The walls we build around us to keep sadness out also keeps out the joy. Jim RohnWhen I became a mother I knew I wanted to be the best mother I could be. Not ever having walked in a mother's shoes before, I didn't feel confident in my abilities. I knew, however, that what I wanted to give my daughters, Alexis and Liseanne, was the gift of becoming who they are meant to be without making 'my stuff', their stuff. (Did I mention I used to wear deep rose coloured glasses?)
To educate myself, I read books, watched videos, took courses, spoke with other parents, counsellors, and wise women and tested each step I took on this wondrous path of being a mother. Naturally, there was one element in this journey I could not predict. My daughters. They were each unique, individual, miraculous beings and while I could 'make' them do what I said, I could not force them, corral them or round them up into being who I wanted them to be -- no matter how hard I tried.
When the girls were little, I recognized that to have a good relationship with my daughters I needed to have a better relationship with my mother. Ours had always been a difficult relationship. In my mother's eyes, I was the rebel. The one who always had to do it her way, who didn't listen, who didn't care enough to take care of her feelings, her needs, her wants.
To me, my mother was an enigma. I could never understand her sadness, never understand her needs, I could never understand her. I didn't know what to say when she cried. I didn't know what to do when she accused me of being someone I believed myself not to be, someone I never wanted to be. And so I kept my distance.
And then I had these two little miracles and I had to do something to build a bridge into my mother's heart.
One night, while on a business trip to the city where my parents lived, I asked my mother if she would sit down and tell me her life story. She began to speak and as she spoke, she began to cry. She cried for two and a half hours, yet she could not stop telling me her story. In her words I began to see the woman behind the wall of fear I had built between us -- I had always been afraid of being smothered, of being buried alive beneath my mother's sorrow, drowning in the ocean of her tears. I had always feared being needed and not being able to give someone what they said they needed to soothe their needs. My mother was sad and I was not powerful enough to lift her sadness -- no matter how much I wanted to or how hard I tried. I was not that powerful to give someone else everything they wanted or believed they needed to make their world right.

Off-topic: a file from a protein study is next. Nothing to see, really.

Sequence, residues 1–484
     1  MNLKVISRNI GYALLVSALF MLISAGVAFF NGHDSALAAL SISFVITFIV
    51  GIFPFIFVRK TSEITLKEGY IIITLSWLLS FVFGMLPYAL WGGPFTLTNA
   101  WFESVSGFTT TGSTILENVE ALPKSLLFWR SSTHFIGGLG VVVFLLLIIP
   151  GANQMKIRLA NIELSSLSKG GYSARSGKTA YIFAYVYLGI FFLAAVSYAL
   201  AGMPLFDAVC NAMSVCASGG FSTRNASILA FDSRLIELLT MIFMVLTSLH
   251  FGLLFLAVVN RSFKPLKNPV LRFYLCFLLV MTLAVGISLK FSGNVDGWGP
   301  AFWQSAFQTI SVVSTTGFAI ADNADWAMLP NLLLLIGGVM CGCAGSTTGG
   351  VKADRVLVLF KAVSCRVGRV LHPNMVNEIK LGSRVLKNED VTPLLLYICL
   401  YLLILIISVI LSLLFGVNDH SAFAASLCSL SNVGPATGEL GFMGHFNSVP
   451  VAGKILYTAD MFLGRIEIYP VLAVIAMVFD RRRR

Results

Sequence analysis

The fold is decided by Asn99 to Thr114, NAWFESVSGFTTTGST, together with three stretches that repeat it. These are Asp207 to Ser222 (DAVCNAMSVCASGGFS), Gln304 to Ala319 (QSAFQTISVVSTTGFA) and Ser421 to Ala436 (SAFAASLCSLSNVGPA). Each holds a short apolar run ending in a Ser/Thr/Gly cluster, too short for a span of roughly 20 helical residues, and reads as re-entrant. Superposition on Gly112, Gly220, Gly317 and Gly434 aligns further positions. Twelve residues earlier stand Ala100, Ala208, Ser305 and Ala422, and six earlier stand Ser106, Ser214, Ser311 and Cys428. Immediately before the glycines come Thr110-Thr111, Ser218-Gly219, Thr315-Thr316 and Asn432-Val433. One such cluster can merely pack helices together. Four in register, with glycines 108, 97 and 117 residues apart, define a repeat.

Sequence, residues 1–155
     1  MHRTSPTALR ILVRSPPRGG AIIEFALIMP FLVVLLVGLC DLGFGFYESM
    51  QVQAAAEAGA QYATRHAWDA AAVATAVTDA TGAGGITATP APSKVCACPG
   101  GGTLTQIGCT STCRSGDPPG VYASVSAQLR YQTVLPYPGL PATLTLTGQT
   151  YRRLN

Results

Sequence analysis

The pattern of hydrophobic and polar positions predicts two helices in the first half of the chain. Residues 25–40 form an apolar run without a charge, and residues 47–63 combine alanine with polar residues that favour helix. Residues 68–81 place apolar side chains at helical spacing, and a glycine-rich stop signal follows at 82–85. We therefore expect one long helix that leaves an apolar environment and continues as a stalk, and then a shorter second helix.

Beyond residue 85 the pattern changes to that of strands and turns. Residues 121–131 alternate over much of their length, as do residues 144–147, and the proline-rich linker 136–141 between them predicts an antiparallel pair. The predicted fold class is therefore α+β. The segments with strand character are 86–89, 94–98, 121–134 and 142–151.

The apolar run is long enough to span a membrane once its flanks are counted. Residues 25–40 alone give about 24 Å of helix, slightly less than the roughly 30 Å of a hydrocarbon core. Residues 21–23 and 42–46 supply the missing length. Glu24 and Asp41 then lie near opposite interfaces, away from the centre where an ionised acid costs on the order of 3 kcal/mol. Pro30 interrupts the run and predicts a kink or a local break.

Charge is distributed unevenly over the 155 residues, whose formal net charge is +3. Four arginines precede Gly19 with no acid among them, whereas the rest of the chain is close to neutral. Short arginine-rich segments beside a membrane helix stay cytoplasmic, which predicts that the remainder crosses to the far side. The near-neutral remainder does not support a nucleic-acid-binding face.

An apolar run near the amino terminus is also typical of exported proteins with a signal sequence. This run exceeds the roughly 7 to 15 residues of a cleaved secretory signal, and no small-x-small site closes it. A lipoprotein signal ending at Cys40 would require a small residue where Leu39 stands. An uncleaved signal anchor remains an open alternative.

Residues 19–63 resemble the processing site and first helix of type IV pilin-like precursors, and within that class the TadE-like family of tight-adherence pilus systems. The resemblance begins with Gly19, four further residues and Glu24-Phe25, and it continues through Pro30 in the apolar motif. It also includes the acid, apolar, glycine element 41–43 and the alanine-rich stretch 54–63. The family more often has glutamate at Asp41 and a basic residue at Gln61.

At the homeless shelter, I work amidst hundreds of people who bury their sadness beneath the drugs and alcohol, the anger and abuse they hurl out at a world that they believe does not understand. A world that cannot give them what they want. A world that cannot give them what they believe they need to feel better, do better, be better in this world.
No one is that powerful.
My mother gave me a gift long ago -- it is the gift of insight. As a child, I wanted desperately to make my mother happy and studied everything she did and said to understand what it was I needed to do to make it happen. But, I was always fighting against myself. Always battling my self calling me to be who I am meant to be. Within me was this wise woman who knew, I could never give my mother what she needed most of all, it wasn't in me to give her. It was in her to give to herself.
On the weekend, Mary Davis, the daughter of Choices founder, Thelma Box asked me, "How do you do what you do? How do you work there?"
The answer is easy. I know I am not powerful enough to change someone else's life. What I can do is show them through my words, my actions, my deeds that I am powerful enough to make a difference in my life. And when I make a difference in my life, I change the world around me.
I am a fearless woman touching hearts and opening minds to set spirits free.
Once upon a time I was a little girl struggling to change the world -- it was a world I didn't understand. It was a world of fear and uncertainty. A world where I felt out of step with who I was in the scheme of what the people around me told me I was or should be.
Today, I know who I am. I know my power comes not in making the world revolve around me. My power comes from standing fearlessly in my size nine dancing shoes, leaping for joy at the wonder of the beauty all around me. My power comes in knowing inside me there is everything I will ever need to create the life of my dreams. I have it all!
Today, I know I am not powerful enough to change the world. I am powerful enough to change my world -- and so I do. Every day. I learn and grow and put my learning into action. I dig and roto-rooter around my inner being, unearthing hidden gems of knowledge, of insight, of vision, sharing the gifts I find to create a world of wonder all around me.
And when I share freely of the best of me, I create the best all around me. I move with grace and ease, accepting those I meet upon my path as miraculous beings of love and light. In my acceptance, my light illuminates the path between us, casting away the shadows of self-doubt that would have me run back into the darkness of believing, I am helpless to create a better world all around me.
I am not helpless -- I am powerful beyond my wildest imaginings.
So are you.
The question is: Are you willing to give up your role of fixing the world out there? Are you willing to dive into the wondrous world within you to love yourself exactly the way you are today? Are you willing to accept that you are powerful enough to create everything you ever dreamed of in your life today?